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Cell. 2005 Jul 29;122(2):209-20.

Proteome-wide analysis of chaperonin-dependent protein folding in Escherichia coli.

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Department of Cellular Biochemistry, Max Planck Institute of Biochemistry, Am Klopferspitz 18, D-82152 Martinsried, Germany.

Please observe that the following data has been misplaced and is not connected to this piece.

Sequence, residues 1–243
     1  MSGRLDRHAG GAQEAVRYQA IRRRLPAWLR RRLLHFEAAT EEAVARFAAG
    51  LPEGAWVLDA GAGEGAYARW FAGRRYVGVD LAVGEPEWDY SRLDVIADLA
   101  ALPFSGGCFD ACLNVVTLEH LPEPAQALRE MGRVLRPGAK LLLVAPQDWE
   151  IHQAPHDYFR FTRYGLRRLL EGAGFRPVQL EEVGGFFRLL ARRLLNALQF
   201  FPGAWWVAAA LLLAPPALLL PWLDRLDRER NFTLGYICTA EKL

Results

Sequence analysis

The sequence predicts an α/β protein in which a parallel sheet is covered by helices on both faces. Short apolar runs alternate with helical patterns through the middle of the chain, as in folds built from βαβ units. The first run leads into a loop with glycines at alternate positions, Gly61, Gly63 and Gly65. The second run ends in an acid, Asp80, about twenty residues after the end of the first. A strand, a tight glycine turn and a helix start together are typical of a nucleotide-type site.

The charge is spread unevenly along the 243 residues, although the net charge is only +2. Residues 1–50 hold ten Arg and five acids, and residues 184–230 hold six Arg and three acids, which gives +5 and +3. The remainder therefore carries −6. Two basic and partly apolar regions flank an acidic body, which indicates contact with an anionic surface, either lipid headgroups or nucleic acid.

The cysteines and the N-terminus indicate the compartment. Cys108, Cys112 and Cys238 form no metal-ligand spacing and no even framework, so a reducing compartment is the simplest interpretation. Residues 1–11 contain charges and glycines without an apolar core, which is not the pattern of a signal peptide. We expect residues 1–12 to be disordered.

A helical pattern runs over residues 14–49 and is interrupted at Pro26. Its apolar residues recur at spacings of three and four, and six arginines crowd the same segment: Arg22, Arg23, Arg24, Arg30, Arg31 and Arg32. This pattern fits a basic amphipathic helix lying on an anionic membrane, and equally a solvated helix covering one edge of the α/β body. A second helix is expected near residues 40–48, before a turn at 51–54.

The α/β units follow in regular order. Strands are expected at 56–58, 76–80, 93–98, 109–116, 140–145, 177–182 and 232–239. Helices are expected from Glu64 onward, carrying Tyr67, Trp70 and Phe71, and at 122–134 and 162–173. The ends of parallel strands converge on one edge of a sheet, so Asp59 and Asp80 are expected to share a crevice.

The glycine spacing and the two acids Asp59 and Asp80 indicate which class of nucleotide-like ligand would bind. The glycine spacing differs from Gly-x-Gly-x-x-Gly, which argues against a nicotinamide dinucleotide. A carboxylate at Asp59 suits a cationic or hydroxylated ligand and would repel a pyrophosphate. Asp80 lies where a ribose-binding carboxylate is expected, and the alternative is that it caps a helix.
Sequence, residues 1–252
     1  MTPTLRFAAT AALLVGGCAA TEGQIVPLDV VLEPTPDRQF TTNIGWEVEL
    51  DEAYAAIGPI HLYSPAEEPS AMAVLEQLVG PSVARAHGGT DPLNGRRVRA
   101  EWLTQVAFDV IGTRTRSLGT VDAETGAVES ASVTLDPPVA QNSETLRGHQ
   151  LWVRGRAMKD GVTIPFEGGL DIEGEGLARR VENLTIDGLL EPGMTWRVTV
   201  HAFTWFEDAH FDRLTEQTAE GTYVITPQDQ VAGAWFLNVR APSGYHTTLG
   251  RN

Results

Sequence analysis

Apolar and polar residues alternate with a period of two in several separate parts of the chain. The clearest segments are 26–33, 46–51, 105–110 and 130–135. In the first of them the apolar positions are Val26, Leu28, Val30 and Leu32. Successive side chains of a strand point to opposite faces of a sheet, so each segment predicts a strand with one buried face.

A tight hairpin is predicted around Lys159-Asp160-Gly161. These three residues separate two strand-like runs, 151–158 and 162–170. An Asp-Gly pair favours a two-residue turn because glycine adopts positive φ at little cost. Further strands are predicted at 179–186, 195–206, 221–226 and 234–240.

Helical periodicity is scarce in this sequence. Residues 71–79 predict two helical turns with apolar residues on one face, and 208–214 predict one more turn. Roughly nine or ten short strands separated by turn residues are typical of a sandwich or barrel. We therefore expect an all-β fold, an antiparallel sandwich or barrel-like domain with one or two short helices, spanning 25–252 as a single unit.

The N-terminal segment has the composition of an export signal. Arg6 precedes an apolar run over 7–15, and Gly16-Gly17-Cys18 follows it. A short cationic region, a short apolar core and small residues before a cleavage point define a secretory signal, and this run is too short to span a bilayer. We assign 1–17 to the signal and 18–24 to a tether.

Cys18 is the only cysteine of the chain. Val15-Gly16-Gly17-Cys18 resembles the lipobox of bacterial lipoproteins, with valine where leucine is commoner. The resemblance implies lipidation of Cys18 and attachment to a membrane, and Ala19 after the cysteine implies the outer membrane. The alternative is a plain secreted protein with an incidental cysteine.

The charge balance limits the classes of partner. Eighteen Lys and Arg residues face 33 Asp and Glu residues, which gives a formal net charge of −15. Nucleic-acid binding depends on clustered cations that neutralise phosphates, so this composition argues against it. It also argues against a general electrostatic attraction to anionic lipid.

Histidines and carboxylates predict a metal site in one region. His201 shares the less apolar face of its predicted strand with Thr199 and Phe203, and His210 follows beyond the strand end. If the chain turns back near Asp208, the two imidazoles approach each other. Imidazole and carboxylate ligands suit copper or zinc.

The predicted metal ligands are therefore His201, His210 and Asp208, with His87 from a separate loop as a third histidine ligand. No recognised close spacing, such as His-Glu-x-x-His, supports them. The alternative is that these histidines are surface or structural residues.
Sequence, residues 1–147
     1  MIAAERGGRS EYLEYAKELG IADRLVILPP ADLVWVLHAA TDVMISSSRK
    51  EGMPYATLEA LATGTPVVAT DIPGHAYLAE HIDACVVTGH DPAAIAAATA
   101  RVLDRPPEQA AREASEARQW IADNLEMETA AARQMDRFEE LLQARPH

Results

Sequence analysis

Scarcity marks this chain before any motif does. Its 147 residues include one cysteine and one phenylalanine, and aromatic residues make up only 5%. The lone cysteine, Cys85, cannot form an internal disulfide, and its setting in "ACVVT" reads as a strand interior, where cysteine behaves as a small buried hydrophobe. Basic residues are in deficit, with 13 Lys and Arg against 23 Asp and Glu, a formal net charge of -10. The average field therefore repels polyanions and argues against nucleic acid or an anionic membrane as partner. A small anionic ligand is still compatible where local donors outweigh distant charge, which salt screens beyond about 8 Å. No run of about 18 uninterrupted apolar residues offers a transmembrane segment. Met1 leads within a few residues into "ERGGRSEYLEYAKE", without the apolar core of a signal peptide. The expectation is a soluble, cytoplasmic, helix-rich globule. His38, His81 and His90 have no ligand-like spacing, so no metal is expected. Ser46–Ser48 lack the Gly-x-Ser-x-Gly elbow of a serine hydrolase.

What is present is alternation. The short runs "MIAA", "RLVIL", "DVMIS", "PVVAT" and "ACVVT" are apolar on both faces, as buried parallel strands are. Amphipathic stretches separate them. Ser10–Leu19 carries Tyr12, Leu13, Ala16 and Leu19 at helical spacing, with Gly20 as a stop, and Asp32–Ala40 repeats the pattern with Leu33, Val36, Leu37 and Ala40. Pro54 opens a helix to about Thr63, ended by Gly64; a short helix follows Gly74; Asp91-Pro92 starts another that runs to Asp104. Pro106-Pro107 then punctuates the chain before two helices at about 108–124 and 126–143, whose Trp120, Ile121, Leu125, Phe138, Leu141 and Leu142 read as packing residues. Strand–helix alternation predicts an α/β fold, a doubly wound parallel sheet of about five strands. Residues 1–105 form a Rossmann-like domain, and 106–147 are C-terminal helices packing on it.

The E. coli chaperonin GroEL and its cofactor GroES promote protein folding by sequestering nonnative polypeptides in a cage-like structure. Here we define the contribution of this system to protein folding across the entire E. coli proteome. Approximately 250 different proteins interact with GroEL, but most of these can utilize either GroEL or the upstream chaperones trigger factor (TF) and DnaK for folding. Obligate GroEL-dependence is limited to only approximately 85 substrates, including 13 essential proteins, and occupying more than 75% of GroEL capacity. These proteins appear to populate kinetically trapped intermediates during folding; they are stabilized by TF/DnaK against aggregation but reach native state only upon transfer to GroEL/GroES. Interestingly, substantially enriched among the GroEL substrates are proteins with (betaalpha)8 TIM-barrel domains. We suggest that the chaperonin system may have facilitated the evolution of this fold into a versatile platform for the implementation of numerous enzymatic functions.

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